On Vacation – In 17-000565 v Wawanesa, the Respondent provided surveillance evidence confirming that the Applicant “took a cruise to Spain, France and Italy in August 2016” and further that “the applicant is seen walking, running, laughing and carrying bags and lifting a box over a two day period without any visible discomfort”.
Can’t Leave the House – In 17-006537 v Aviva, the Applicant contended that she did not attend a scheduled IE, as “her psychological and pain-related impairments ‘got so bad that she didn’t want to leave her house’”. Surveillance evidence however showed the Applicant performing a number of activities outside the house “all without apparent difficulty or limitation”. The Tribunal accepted this evidence, which was unexplained or uncontested by the Applicant.
Making Their Case – In 18-001560 v Allstate, surveillance evidenced “the applicant and her fiancé were in a vehicle at a gas station and they appeared to be having an argument while her fiancé was fueling the car. The applicant and her fiancé both testified that they argue a lot. I find the surveillance evidence strongly corroborates the testimony provided by the applicant and her fiancé as it showed the applicant driving short distances locally for short periods of time to go to a local store, or drive-thru before returning to her home.”
Wholly Incongruent, Not – In 17-001981 v RBC, “the respondent submits that video and photographic surveillance obtained…is wholly incongruent with the applicant’s claim for impairment. The applicant asserts that she has never claimed that she could not drive, walk up and down stairs, sweep and carry groceries”. Agreeing with the Applicant, the Tribunal found that “the fact that the applicant was able to carry on certain normal activities does not materially conflict with the medical evidence indicating that she suffered pain, discomfort and restricted range of movement. I attach little weight to the surveillance as it fails to substantiate the applicant’s lack of impairment.”
Degrees of LATitude
“No Crash, No Cash”
In 17-008345 v Guarantee, the Tribunal confirmed that as per the Insurance Act, “no statutory accident benefits are payable in respect of an occupant of a public transit vehicle…..if the public transit vehicle did not collide with another automobile or any other object in the incident”; essentially, the ‘no crash, no cash’ rule for claims involving public transit vehicles for statutory accident benefits. While the Tribunal accepted the description of the Applicant’s injuries and that her injuries very likely occurred on a bus, the Tribunal found no direct evidence in support of the Applicant’s testimony that her bus was struck by another bus. In the absence of supporting evidence and any incident report on record with the transit service, the Tribunal found no collision had occurred.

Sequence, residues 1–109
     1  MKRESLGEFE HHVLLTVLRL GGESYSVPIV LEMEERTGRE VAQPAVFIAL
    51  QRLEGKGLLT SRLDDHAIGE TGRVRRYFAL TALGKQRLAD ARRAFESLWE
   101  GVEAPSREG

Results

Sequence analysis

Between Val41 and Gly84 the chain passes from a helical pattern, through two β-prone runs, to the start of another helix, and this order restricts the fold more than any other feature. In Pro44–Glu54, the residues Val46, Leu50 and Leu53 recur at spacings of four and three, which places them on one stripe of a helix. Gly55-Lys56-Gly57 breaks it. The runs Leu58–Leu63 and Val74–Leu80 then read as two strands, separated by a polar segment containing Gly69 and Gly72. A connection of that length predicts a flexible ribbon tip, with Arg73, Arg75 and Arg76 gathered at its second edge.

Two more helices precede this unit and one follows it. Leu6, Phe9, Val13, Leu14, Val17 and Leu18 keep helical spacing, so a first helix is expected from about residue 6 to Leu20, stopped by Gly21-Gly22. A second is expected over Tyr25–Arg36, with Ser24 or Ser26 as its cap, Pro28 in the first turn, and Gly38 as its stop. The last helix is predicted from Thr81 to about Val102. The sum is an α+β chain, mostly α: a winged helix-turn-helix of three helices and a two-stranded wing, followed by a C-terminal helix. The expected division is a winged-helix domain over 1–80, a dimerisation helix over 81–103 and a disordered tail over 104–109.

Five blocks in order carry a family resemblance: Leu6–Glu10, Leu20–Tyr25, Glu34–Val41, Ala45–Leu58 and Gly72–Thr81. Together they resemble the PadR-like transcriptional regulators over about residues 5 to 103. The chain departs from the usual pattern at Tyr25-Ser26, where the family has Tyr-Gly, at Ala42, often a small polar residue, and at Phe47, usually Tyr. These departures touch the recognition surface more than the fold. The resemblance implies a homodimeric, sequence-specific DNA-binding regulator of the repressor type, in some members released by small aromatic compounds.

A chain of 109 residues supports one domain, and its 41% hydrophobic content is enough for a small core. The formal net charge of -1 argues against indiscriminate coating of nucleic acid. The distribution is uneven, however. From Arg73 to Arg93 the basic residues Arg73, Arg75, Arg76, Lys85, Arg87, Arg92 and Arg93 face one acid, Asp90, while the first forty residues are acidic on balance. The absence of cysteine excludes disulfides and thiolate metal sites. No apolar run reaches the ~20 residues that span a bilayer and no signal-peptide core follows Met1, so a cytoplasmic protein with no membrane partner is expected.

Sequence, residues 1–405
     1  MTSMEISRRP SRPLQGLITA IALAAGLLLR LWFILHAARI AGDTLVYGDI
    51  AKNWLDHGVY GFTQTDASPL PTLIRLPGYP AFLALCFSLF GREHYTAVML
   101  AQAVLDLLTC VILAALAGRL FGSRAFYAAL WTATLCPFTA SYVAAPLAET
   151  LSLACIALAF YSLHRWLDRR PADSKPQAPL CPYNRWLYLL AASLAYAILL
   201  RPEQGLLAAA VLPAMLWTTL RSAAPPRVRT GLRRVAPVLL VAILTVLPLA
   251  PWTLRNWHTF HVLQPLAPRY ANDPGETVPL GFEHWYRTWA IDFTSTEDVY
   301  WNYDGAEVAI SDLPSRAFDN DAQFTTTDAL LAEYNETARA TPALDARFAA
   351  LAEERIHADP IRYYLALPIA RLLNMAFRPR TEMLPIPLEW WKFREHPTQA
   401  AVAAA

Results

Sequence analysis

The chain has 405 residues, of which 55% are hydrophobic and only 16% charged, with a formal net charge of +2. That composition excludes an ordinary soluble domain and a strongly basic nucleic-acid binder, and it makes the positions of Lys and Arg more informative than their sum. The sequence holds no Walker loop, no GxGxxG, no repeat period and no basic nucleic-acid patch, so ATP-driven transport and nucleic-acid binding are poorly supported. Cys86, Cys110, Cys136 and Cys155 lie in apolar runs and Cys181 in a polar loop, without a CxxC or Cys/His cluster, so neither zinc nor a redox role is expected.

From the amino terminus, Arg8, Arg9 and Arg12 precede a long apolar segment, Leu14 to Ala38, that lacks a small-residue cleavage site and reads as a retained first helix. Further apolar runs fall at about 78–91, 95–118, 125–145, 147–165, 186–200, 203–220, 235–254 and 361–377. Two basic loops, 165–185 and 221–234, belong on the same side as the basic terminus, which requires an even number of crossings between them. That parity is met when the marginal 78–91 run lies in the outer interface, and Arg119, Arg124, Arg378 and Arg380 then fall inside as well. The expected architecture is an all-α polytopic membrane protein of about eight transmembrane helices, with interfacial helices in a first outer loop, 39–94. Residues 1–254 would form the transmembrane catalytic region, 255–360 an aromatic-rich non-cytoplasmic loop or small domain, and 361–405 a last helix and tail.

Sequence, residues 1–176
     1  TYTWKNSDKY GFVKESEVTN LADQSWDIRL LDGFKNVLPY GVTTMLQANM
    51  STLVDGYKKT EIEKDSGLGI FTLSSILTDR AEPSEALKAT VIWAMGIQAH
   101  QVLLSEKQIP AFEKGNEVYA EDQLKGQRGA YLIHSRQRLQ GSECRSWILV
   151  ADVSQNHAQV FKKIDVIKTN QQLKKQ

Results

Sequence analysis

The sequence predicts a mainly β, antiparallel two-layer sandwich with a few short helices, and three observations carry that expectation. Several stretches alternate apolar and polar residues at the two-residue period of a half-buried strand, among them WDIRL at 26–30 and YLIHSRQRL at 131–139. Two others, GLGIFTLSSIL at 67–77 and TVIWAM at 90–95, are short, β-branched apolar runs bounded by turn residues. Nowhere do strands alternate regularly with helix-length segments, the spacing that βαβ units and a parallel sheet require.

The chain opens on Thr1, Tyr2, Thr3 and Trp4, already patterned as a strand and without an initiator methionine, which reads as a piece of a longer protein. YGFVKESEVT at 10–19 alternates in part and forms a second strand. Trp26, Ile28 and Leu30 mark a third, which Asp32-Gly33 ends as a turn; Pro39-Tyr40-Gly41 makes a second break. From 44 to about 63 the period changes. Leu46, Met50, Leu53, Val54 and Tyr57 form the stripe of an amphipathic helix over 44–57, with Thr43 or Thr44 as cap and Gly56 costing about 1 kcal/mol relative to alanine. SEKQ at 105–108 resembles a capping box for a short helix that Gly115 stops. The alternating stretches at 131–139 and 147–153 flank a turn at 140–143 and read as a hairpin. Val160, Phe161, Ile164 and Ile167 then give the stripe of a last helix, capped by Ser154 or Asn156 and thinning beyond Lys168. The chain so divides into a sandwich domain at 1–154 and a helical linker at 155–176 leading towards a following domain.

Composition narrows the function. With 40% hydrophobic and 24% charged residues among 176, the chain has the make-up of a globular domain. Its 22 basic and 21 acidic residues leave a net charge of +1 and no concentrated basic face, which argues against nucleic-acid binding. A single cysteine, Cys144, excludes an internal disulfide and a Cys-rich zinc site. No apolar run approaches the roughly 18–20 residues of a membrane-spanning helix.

A Matter of Privilege
In 18-004555 v Wawanesa, litigation privilege arose in September 2014 when the Applicant filed an arbitration application for NEB with FSCO. Subsequently, there was a filing at the LAT for a dispute over CAT determination. The Tribunal held that “the litigation privilege that arose in the 2014 application continues for the purpose of this application and that litigation privilege attaches to surveillance evidence, if any, created after that date”. Quoting the Court, “the litigation is not over until it is over: It cannot be said to have ‘terminated’, in any meaningful sense of that term, where litigants or related parties remain locked in what is essentially the same legal combat.” Accordingly, “the privilege may retain its purpose — and, therefore, its effect — where the litigation that gave rise to the privilege has ended, but related litigation remains pending or may reasonably be apprehended.”
In this instance, the claim for NEB made in the 2014 application “shares sufficient commonality with the CAT determination in dispute in this application to support a finding that the litigation privilege that arose in the 2014 application continues for the purpose of this application”. Both determinations “examine the same fundamental issue: the applicant’s level of impairment resulting from the accident. Although the specific test that must be satisfied is different for each determination, the underlying factual basis for the determination of both claims is very similar. In this sense, both the 2014 application and the current application are, in my view, closely related proceedings that raise sufficiently common issues to satisfy the test for continuing litigation privilege.”